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|Jim on the mound at historic Durham Athletic Park.|
But if you stand on the mound, turn toward the old grandstand, squint your eyes and listen real hard, you can almost see the boys and hear the most stirring movie lines since Bogie told Ingrid Bergman to get on the planeCrash: Nuke's scared because his eyelids are jammed and his old man is here. We need a live rooster -- was it a live rooster? We need a live rooster to take the curse off Jose's glove and nobody seems to know what to get Millie or Jimmy for their wedding present. [To the players.] Is that about right? [The players nod.] Crash: We're dealing with a lot of s--t. Larry: OK, well, uh candlesticks always make a nice gift, and uh, maybe you could find out where she's registered and maybe a place-setting or maybe a silverware pattern is good. OK, let's get two! Go get 'em.
|Plan Your Baseball Trip|
ESPN's SportsTravel section recently put together 10 sample Baseball Road Trips across the country which visit some of the best ballparks in both the majors and the minors.
Jim Caple is currently on a modified version of the South Atlantic Circuit trip.
• Day 1: A lifestyle of love
• Day 2: Baseball's first (fun) family Check out the ESPN Travel section for more travel guides and information.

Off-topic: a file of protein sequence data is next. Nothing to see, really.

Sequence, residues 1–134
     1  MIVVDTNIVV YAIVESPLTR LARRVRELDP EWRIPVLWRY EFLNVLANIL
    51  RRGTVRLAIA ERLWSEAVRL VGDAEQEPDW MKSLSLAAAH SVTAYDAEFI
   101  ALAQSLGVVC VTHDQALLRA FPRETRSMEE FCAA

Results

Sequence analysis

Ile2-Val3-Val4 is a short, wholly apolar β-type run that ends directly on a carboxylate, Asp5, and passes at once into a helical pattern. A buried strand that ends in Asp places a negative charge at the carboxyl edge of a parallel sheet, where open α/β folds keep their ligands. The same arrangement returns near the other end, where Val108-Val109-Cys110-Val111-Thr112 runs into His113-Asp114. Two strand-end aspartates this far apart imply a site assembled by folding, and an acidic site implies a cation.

Miller was the head groundskeeper for the Bulls when the movie was filmed, which provided him with an honor shared by Costner, Brad Pitt and Burt Lancaster -- he appears in a movie scene with Susan Sarandon. That's him raking the infield in the background of an early scene when Annie walks into the ballpark, his one and only role. "I think I've been typecast," he says. "My range is much better than I've been allowed to show."
Eighteen years is a long time, but it's surprising how many of the film sites you can find in Durham when you're not busy looking for the Duke lacrosse house.
|More Jim Caple|
|Jim Caple's trip is nothing compared to Cass Sapir's: He's visiting all 189 major and minor league stadiums in 175 days.|
And not only is Annie's house a couple blocks from the stadium, the bathtub she and Crash "soaked in" is there as well.
"It's cool because everyone in town knows where you live," Trudy Burdette says. "You call to have the gas turned on and they say, 'Oh, you're in the 'Bull Durham' house.'
|Jim couldn't resist playing a little 9-ball at the Green Room.|
Burdette's hospitality is impressive. She not only lets me in, she lets me sit on the famous bathtub. I'm tempted to fill the tub, put "Sixty-Minute Man" on the stereo and call up my wife but I think that would be pushing it.
It's not a completely successful visit, though. I simply thank Burdette and tell her good-bye when we leave, completely blowing the opportunity to stand in the entrance and deliver a more fitting farewell
I believe in the soul, the (you know what), the (you also know what), the small of a woman's back, the hanging curveball, high fiber, good Scotch, that the novels of Susan Sontag are self-indulgent, overrated crap. I believe that Lee Harvey Oswald acted alone, I believe that there ought to be a constitutional amendment outlawing AstroTurf and the designated hitter, I believe in the sweet spot, soft-core pornography, opening your presents on Christmas morning rather than Christmas Eve, and I believe in long, slow, deep, soft, wet kisses that last for three days. [Pause.] Good night.
|For a "Bull Durham" fanatic, it's quite a treat to get to check out the dugout.|